I want to have a fully successful life. Not just in one aspect, but across everything: finances, fitness, relationship, career, and personal. Winning at everything at the same time is the ultimate goal. I know many people who want the same thing too.
That ultimate goal is a tough thing to achieve because succeeding in one aspect often comes at the expense of another. For example, doing well in a career and finances may come at the cost of relationships and family life due to time commitments. In order to overcome this challenge, what we need is a set of universal principles that can be applied everywhere, to live a full life of success.
One of the best collections of such universal principles is in a book called Antifragile: Things That Gain from Disorder by Nassim Nicholas Taleb. The book’s 426 pages are packed with amazing life principles and lessons that can be applied to achieve success across all aspects of life. Here I will share the 10 best of them with you.
1. Make your life Antifragile
The ideal for building a successful life is to work towards becoming antifragile in all aspects.
“Some things benefit from shocks; they thrive and grow when exposed to volatility, randomness, disorder, and stressors and love adventure, risk, and uncertainty. Yet, in spite of the ubiquity of the phenomenon, there is no word for the exact opposite of fragile. Let us call it antifragile. Antifragility is beyond resilience or robustness. The resilient resists shocks and stays the same; the antifragile gets better.”
When you workout, your body will adapt to get stronger and make your workout easier to do the next time. Thus, your body benefits from physical stressors and is therefore antifragile. Anything that grows or benefits from stressors is antifragile. We can apply this principle to other aspects of our lives, such that we can be resilient and even benefit from stressors.
Choose a job that is flexible and you can’t be fired from. A content creator can never be fired, and if a hater tries to take you down or publicly hate on you, they end up giving you even more attention — free advertising. Always maintain extra cash in an emergency fund. Having spare money makes you resilient to economic recessions and allows you to take advantage of such conditions as you have the capital to buy into the market at cheap prices.
Look for ways to make yourself both resilient to stressors and in a position to take advantage of them, so that you can thrive in any situation.
2. Challenges are fuel for growth
Challenges are mini stressors that are highly beneficial for keeping you strong and promoting growth. As long as you can strike a balance for the stressors being small enough to not hurt you but large enough to be challenging. This is exactly how vaccines work:
“Now consider a case when the poisonous substance, in some dose, makes you better off overall, one step up from robustness. Hormesis, a word coined by pharmacologists, is when a small dose of a harmful substance is actually beneficial for the organism, acting as medicine. A little bit of an otherwise offending substance, not too much, acts to benefit the organism and make it better overall as it triggers some overreaction.”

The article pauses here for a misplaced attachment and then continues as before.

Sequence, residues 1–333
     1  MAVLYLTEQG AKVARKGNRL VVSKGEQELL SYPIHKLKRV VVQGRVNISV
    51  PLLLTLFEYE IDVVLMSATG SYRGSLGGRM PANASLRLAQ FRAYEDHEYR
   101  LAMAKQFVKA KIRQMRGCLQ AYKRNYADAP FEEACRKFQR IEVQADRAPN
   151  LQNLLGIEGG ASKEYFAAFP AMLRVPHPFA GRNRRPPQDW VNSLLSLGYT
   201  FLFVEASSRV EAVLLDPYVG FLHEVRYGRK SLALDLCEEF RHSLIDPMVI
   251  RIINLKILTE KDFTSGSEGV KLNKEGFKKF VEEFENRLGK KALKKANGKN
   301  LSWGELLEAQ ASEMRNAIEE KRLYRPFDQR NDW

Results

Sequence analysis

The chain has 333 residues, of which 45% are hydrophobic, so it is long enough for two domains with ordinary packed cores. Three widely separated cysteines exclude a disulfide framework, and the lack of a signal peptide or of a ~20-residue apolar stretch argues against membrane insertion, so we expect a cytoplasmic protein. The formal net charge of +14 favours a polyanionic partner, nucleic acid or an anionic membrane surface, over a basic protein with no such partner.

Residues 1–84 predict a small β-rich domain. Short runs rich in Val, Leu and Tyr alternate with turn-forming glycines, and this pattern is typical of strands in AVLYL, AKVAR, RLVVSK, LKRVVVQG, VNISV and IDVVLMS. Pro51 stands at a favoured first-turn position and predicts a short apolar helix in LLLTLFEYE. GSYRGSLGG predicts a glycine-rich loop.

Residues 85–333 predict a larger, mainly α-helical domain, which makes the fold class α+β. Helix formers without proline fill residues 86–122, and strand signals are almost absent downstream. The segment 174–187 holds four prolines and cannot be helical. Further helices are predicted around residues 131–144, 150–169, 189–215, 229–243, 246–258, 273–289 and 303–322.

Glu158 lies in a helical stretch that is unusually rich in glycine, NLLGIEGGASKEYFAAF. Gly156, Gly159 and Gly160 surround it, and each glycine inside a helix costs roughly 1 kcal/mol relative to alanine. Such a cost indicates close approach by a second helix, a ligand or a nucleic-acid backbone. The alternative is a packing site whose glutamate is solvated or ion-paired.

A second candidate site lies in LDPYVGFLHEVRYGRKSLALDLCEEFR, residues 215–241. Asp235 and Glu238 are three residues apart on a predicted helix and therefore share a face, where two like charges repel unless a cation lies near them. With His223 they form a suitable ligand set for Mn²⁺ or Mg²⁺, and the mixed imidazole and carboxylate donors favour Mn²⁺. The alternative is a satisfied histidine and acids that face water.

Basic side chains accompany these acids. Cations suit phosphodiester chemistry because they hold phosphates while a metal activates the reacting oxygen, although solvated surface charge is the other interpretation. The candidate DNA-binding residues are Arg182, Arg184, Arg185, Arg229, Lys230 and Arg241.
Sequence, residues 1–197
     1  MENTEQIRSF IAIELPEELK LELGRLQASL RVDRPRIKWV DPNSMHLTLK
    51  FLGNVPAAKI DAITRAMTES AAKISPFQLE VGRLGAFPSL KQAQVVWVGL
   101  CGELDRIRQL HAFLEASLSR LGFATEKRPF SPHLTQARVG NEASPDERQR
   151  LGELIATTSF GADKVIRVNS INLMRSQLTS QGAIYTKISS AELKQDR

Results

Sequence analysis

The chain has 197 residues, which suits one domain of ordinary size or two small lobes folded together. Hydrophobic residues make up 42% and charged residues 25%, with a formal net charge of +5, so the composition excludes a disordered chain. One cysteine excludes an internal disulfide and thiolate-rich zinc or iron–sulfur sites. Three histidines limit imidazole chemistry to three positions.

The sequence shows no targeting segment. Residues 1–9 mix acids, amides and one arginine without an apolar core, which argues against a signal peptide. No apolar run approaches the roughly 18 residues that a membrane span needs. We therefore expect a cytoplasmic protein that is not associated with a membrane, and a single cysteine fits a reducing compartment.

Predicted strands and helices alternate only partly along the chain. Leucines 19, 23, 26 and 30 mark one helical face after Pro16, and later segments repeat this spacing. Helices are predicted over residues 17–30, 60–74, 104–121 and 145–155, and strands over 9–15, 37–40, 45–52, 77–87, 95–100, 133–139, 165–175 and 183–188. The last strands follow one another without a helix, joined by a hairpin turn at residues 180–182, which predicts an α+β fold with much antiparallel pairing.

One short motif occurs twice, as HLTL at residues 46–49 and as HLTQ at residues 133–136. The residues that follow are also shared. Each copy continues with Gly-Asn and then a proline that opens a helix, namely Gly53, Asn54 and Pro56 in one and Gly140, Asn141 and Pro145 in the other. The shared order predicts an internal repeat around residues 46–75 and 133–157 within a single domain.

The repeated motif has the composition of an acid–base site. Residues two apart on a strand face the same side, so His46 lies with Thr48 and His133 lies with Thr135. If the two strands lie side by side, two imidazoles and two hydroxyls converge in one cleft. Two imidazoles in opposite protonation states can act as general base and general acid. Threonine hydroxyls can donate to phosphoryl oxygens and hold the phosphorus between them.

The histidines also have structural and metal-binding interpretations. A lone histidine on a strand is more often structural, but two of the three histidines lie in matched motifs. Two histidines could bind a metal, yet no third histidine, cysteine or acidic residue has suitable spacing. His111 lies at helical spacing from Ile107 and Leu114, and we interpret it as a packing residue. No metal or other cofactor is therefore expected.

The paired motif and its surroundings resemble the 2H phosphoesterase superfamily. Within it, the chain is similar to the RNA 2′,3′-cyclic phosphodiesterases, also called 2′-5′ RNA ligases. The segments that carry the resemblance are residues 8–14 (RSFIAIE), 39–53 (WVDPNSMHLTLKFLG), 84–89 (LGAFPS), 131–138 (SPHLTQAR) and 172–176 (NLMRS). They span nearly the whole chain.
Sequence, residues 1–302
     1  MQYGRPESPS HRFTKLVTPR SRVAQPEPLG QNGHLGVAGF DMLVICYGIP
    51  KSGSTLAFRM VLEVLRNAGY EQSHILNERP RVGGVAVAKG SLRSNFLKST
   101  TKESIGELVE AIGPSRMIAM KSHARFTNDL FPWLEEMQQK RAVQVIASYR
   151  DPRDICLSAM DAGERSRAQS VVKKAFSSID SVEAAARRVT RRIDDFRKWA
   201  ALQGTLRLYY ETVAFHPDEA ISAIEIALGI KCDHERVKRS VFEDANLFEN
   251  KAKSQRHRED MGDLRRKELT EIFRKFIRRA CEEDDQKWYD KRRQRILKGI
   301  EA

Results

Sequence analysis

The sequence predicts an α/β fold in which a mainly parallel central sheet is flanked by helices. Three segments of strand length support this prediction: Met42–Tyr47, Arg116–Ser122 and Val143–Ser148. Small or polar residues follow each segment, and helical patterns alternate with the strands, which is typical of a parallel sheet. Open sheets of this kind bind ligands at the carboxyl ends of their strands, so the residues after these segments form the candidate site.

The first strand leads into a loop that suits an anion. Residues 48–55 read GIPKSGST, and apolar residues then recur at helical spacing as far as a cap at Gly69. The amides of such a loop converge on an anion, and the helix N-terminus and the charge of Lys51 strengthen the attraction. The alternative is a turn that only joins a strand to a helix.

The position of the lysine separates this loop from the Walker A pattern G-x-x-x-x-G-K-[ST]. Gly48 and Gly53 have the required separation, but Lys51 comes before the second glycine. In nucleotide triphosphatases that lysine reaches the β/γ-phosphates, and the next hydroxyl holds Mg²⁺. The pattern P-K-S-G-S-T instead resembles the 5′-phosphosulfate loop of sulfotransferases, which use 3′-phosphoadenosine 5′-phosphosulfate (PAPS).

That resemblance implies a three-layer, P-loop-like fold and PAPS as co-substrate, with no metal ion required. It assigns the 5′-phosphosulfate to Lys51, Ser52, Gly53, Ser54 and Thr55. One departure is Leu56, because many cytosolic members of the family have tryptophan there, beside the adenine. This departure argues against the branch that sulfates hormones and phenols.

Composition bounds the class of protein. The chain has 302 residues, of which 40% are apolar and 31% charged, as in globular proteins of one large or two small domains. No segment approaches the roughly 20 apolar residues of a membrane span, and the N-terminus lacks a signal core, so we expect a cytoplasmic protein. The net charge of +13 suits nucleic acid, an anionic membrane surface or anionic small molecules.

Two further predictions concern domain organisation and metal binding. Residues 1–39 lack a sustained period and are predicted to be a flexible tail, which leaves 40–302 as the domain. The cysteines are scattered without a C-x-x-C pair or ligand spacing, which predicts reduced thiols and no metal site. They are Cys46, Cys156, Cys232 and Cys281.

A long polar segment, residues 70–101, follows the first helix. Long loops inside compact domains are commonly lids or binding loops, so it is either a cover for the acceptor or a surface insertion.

Find ways to challenge yourself in small ways that will make you stronger over time. Challenging exercises for your body, reading new books for your mind, pushing outside of your comfort zone for hobbies and activities. All of these things help to constantly keep you working and becoming stronger. Your mind and body adapt, resulting in your personal growth.
Find ways to inject some challenge and mini-stressors into your life to maintain your antifragility.
3. Small, fast, and flexible
For antifragility, a collection of small things is better than one large brittle thing. Consider the following example:
“John (employee) has one large employer, George (self-employed) many small ones — so he can select the ones that fit him the best and hence has, at any point in time, “more options.” One has the illusion of stability, but is fragile; the other one the illusion of variability, but is robust and even antifragile.
Further, for a self-employed person (George), a small (nonterminal) mistake is information, valuable information, one that directs him in his adaptive approach; for someone employed like John, a mistake is something that goes into his permanent record, filed in the personnel department”
In this example, John is totally fragile. Any recession, poor performance, or just bad luck could drop his income to zero, totally ruining him. George is self-employed, making his income a bit unsteady. But George’s income will not drop all at once, it’ll drop gradually as clients drop off. That slow loss in income even serves as information for improvement, so George can adapt and bring himself back up. At the same time, George is even better exposed to the higher upside, as he can land some really big clients that pay a lot. John is stuck with the same salary until his boss decides otherwise.
Put yourself in a position where you are small, fast, and flexible rather than large, slow, and brittle. It gives you faster learning, better safety, and a higher upside. Multiple clients, multiple income streams, lots of connections, lots of skills, and maximum flexibility in your work are all antifragile.
4. The barbell strategy of investing
The barbell strategy is a method of investing that is antifragile. It can be applied to any area of life to maximize your chances of success while minimizing the chance of failure.
“I initially used the image of the barbell to describe a dual attitude of playing it safe in some areas and taking a lot of small risks in others, hence achieving antifragility. That is extreme risk aversion on one side and extreme risk loving on the other, rather than just the “medium” risk attitude that in fact is a sucker game (because medium risks can be subjected to huge measurement errors). But the barbell also results, because of its construction, in the reduction of downside risk — the elimination of the risk of ruin.
If you put 90 percent of your funds in boring cash (assuming you are protected from inflation) and 10 percent in very risky, maximally risky, securities, you cannot possibly lose more than 10 percent, while you are exposed to massive upside. Someone with 100 percent in so-called “medium” risk securities has a risk of total ruin from the miscomputation of risks.”